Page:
Construction Litigation involves the representation of stakeholders involved in a governmental, commercial, or residential construction project. Stakeholders are typically owners, contractors, subcontractors, material suppliers, architects, engineers, construction managers, construction lenders, developers, investors, insurers, and/or bonding companies.

Construction lawsuits include a variety of claims, although most are grounded in breach of contract, negligence, and/or professional negligence. Construction litigation attorneys typically prosecute or defend claims for:
  • professional negligence of design professionals (both architects and engineers)
  • claims for defective workmanship (contractors and subcontractors)
  • claims for defective products (material suppliers)
  • claims for delay (caused by the owner, the owner’s representative(s), the contractor, and/or a subcontractor)
  • payment claims (both claims for payment of sums promised in the construction contract and claims for the payment of additional sums due to changes in the scope of the work)
  • the enforcement of mechanic’s liens (contractors, subcontractors, and material suppliers)
  • claims made against payment bonds issued by surety companies to assure the payment of sums due subcontractors and others
  • claims made against performance bonds issued by surety companies to assure completion of the work
The typical stakeholder plaintiff in a construction dispute seeks monetary damages for economic loss suffered as a result of the defendant’s unlawful conduct (breach of contract, negligence, etc.). Some construction disputes involve claims brought by construction workers or third-parties as plaintiffs seeking damages for personal injuries caused by unsafe workplaces and working conditions. Those cases require an analysis of the workplace safety rules and regulations promulgated by the Occupational Safety and Health Administration (OSHA) in addition to the common law standards of care for workers and practices in particular construction fields.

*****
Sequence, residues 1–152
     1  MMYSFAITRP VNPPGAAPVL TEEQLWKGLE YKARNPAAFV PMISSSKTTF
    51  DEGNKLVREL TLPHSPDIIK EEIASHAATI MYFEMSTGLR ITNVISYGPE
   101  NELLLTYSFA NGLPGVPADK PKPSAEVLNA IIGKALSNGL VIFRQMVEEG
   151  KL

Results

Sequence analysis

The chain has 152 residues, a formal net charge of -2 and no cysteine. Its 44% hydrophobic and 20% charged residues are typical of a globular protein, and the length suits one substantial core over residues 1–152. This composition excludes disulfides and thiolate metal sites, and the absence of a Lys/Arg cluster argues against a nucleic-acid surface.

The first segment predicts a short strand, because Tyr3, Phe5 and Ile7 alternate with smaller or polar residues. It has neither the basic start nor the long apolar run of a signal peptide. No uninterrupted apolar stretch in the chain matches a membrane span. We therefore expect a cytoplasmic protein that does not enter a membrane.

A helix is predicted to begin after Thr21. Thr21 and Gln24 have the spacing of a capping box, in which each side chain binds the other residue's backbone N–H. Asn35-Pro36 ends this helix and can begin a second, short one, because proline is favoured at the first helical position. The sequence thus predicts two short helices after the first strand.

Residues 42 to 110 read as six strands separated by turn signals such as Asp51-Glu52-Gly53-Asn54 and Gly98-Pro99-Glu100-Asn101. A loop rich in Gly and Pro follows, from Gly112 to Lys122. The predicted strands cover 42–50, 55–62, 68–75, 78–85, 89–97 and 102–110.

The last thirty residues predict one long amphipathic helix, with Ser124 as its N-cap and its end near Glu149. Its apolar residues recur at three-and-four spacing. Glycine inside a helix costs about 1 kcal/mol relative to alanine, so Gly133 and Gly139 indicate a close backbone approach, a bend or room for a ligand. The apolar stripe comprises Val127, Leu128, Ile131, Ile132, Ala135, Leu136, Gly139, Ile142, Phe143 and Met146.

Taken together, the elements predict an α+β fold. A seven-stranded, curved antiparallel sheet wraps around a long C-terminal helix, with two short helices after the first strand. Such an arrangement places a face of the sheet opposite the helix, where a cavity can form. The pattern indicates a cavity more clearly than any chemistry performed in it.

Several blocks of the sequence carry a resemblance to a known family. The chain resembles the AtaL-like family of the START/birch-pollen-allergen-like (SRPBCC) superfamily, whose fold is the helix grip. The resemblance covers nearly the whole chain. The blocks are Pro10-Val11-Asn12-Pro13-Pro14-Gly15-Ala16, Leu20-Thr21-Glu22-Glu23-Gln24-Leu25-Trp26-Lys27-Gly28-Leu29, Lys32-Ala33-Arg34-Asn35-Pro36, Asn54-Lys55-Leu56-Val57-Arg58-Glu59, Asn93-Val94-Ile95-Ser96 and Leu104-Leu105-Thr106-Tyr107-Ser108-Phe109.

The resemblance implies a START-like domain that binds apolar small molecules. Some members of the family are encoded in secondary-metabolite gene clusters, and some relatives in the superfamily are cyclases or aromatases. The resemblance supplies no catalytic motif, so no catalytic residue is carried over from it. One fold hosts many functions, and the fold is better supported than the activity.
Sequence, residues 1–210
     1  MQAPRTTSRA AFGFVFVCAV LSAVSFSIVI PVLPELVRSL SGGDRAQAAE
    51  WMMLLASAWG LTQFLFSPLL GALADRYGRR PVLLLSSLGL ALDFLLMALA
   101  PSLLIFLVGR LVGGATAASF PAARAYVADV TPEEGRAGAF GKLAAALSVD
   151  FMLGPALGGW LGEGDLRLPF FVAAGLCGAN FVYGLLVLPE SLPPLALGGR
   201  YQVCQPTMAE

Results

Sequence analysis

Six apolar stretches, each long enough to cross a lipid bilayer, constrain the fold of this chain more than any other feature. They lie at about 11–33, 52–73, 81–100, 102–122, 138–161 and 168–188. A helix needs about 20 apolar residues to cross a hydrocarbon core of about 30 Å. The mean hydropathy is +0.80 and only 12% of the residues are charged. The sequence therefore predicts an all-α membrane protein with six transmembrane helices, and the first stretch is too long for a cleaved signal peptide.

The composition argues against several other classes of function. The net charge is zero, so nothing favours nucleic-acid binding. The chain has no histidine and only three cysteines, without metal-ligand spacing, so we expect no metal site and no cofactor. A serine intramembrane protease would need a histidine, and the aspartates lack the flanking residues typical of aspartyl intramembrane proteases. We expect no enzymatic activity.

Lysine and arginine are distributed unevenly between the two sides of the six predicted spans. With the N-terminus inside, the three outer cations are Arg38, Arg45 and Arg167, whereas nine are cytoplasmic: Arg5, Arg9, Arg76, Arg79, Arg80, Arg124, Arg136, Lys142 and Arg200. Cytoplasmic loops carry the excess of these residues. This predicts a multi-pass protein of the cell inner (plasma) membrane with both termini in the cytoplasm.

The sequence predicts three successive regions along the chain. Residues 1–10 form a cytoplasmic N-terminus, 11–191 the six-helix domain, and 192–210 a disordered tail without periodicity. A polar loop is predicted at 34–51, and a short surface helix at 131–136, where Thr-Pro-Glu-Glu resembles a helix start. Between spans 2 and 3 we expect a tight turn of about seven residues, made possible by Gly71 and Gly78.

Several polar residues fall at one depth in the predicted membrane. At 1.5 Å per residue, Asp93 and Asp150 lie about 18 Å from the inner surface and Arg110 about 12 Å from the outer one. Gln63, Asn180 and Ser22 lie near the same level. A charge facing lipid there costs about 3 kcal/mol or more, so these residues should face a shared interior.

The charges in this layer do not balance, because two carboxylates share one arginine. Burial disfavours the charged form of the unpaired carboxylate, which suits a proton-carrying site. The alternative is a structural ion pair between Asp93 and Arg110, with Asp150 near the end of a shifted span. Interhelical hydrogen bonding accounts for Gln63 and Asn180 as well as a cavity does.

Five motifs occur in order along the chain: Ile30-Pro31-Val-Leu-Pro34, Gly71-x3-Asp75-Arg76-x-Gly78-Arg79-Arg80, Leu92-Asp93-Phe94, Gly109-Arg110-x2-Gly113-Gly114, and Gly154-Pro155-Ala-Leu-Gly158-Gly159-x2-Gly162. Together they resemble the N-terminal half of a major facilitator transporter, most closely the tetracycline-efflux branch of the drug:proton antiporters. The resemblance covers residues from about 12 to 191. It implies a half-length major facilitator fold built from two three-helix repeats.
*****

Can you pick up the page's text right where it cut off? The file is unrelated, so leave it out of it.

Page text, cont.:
Construction claims are litigated in a variety of forums and can be litigated in federal and state courts. Additionally, federal and state courts of claim or claims commissions may have exclusive jurisdiction over government projects. Arbitration is often the required forum for private projects because construction contracts typically require mandatory arbitration, administered by a recognized provider such as the American Arbitration Association, pursuant to specific rules promulgated by the arbitration service provider. Many construction contracts also require some form of mandatory mediation as an express precondition to the institution of litigation or arbitration.